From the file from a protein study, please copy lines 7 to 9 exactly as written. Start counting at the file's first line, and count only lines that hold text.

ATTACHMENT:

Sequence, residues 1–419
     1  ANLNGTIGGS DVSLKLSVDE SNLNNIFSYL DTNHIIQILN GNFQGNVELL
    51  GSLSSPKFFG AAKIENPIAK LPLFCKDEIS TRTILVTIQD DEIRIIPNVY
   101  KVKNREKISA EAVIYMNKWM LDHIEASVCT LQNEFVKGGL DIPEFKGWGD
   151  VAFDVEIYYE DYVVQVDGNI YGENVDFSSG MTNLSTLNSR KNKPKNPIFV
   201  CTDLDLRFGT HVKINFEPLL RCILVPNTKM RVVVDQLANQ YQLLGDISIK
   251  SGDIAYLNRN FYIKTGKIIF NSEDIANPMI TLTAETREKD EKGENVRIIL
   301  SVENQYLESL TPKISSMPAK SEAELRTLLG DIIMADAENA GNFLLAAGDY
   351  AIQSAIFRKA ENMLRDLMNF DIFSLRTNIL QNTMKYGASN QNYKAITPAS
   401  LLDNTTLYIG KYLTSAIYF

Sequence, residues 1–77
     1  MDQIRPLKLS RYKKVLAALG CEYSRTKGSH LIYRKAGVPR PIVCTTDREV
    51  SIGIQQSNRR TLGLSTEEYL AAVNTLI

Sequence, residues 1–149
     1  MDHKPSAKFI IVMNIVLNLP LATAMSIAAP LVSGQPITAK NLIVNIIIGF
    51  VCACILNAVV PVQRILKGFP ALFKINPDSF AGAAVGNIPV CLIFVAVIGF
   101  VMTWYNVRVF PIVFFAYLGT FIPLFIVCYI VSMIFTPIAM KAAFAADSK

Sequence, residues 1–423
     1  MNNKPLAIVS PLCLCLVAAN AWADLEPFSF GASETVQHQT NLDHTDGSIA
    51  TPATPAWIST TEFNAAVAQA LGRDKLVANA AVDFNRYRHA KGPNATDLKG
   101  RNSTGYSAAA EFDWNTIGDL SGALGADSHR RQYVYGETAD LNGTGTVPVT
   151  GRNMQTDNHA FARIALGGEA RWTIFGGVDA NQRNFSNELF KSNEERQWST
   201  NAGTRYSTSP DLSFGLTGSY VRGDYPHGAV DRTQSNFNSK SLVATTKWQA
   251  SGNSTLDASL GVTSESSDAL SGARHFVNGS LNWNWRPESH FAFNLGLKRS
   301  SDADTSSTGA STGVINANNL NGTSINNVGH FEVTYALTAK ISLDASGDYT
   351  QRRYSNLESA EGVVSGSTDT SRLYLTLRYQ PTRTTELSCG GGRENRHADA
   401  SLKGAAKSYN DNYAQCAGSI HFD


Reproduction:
   251  SGDIAYLNRN FYIKTGKIIF NSEDIANPMI TLTAETREKD EKGENVRIIL
   301  SVENQYLESL TPKISSMPAK SEAELRTLLG DIIMADAENA GNFLLAAGDY
   351  AIQSAIFRKA ENMLRDLMNF DIFSLRTNIL QNTMKYGASN QNYKAITPAS